The failure of the Spanish bank bail out to improve market sentiment this week is disappointing. The markets have chosen to focus on the fact that the bail-out will add to Spain’s government debt, which is increasingly being viewed as unsustainably high. The spike in 10 year Spanish bond yields to over 7 per cent yesterday has demonstrated that new forms of “burden sharing” for government debt are needed at the summit on 28/29 June.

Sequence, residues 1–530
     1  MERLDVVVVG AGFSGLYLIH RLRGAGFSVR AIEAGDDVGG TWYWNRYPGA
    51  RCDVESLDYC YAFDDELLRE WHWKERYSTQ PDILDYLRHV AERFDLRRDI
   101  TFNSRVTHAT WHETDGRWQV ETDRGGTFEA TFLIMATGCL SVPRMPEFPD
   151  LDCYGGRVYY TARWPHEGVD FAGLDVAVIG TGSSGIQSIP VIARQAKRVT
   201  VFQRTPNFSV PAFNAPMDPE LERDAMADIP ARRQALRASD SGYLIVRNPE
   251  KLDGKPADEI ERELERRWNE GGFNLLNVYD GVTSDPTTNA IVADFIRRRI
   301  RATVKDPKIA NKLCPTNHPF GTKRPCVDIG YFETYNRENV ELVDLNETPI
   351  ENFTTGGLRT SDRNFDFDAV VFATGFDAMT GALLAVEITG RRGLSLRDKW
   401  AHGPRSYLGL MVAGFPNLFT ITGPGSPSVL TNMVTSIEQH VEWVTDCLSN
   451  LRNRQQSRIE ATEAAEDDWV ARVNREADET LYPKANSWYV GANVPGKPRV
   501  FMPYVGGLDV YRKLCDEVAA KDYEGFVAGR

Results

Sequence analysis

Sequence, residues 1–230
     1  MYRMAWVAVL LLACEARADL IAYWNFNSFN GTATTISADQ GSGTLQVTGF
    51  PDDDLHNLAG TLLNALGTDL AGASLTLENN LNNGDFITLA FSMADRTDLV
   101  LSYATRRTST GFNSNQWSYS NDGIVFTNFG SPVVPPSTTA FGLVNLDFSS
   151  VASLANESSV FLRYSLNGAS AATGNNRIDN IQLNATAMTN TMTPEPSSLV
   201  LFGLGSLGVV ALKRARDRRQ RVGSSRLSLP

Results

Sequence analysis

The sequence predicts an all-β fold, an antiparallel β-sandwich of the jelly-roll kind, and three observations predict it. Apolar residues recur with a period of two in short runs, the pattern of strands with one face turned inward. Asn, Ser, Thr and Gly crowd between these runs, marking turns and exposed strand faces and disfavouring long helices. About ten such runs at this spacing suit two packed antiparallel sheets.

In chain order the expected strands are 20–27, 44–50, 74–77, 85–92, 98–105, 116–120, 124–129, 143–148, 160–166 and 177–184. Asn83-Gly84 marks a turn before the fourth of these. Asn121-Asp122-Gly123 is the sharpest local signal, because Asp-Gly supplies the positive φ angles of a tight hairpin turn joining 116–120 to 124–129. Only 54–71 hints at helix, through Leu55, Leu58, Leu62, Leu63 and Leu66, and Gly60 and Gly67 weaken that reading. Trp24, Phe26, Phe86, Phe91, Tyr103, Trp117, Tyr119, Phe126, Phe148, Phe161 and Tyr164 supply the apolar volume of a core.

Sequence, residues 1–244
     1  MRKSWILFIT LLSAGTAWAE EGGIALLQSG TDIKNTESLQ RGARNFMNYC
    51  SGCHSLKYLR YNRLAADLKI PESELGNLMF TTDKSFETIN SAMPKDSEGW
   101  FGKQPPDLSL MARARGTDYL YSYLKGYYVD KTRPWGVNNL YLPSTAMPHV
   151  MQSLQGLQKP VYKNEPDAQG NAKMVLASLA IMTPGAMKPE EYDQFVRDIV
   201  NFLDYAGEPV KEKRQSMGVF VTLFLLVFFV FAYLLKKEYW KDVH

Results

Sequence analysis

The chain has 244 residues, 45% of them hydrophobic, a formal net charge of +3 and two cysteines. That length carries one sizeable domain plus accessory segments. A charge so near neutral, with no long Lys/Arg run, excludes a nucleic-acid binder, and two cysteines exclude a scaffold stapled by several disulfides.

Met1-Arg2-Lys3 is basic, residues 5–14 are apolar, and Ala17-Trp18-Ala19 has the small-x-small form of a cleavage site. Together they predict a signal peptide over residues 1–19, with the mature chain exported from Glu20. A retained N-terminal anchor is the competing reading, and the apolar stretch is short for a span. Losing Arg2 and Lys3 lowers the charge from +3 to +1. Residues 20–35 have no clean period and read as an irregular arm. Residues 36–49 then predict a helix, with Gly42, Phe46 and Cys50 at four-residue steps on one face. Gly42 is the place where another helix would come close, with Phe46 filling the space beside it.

Chancellor Merkel once again appeared to dash these hopes on Thursday by ruling out the issuance of eurobonds, and a eurozone bank deposit guarantee scheme. She is willing to contemplate these reforms only after further constitutional moves in the direction of fiscal union, which might take years to achieve. However, there are two reasons for thinking that the German position might turn out to be be more flexible than it seems.